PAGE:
Safeway Inc. (NYSE:SWY) got a big boost last week, in both its stock price and its coffers, but does that make the stock any safer for investors? The grocer's stock was up as much as 12.5% on news that it was will pocket some C$4 billion thanks to the sale of its Canadian operations. However, the stock might not be so safe.
The uptick in the stock comes as the cash injection could alleviate some liquidity concerns. Safeway appears to struggling on the liquidity front; its cash on hand is below $300 million and its current ratio is less than 1.0.
The sale of Safeway Canada will help with this liquidity problem, but even with the upcoming cash injection, there is still another fundamental issue; this includes the grocer's cash flow generating capabilities. Over the past couple of years, Safeway Inc. (NYSE:SWY
) has seen growth in free cash flow turn negative, while other major industry players, including Whole Foods Market, Inc. (NASDAQ:WFM),
have been on a tear when it comes to churning out cash.
Part of this free cash flow contraction is a result of margin pressure, related to the entry of new nontraditional competitors, such as Whole Foods,
as well as pressure from other major grocers The Kroger Co. (NYSE:KR) and SUPERVALU INC. (NYSE:SVU).
Going a step further, Safeway Inc. (NYSE:SWY
) has also seen its leverage position deteriorate over the past five years, with its leverage ratio and debt-to-equity ratio having risen drastically over that period.
Safeway Inc. (NYSE:SWY
)is still paying investors a 3.2% dividend yield, but sales are expected to be up only 1.5% in 2013. But the grocer is looking to continue its cost-saving campaign. Safeway has already closed its distribution centers in British Columbia and Vancouver due to continued operating losses. The grocer is also exiting the Philadelphia market, having closed 25 Genuardi stores in 2012.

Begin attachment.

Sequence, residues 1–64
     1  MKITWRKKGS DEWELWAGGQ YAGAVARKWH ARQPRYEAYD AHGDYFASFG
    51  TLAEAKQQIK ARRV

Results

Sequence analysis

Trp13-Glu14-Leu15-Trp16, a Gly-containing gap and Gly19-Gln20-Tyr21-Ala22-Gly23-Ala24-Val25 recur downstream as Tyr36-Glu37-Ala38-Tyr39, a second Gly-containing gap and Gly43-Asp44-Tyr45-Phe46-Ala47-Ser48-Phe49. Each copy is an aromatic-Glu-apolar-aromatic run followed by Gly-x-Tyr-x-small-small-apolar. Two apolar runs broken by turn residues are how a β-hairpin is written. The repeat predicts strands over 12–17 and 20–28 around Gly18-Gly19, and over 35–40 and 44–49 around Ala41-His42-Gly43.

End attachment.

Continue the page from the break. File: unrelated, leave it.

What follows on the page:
A better way?
One of the best ways to play the industry is Whole Foods. This organic grocer has been one of the great growth stories of the industry, namely due to its organic and fresh-food concepts. The company posted 2Q EPS of $0.76, compared to $0.64 for the same period last year, on the back of 6.9% higher comparable-store sales.
Whole Foods has also seen improvement in its inventory turnover, meaning it's selling inventory faster, leading to less waste and markdowns. Days in inventory went from a high of 22 days in 2009 to roughly 16 days over the past 12 months. Sales are expected to be up an impressive 11% in fiscal 2013, thanks to 8% growth in square footage.
The square footage growth should be a key growth driver going forward. Whole Foods opened 16 stores in fiscal 2010, 18 in 2011 and 25 in 2012. The company hopes to open some 32 in 2013 and then 33 to 38 for 2014. The long-run goal is for upwards of 1,000 stores, with expansion opportunities in Canada and the U.K.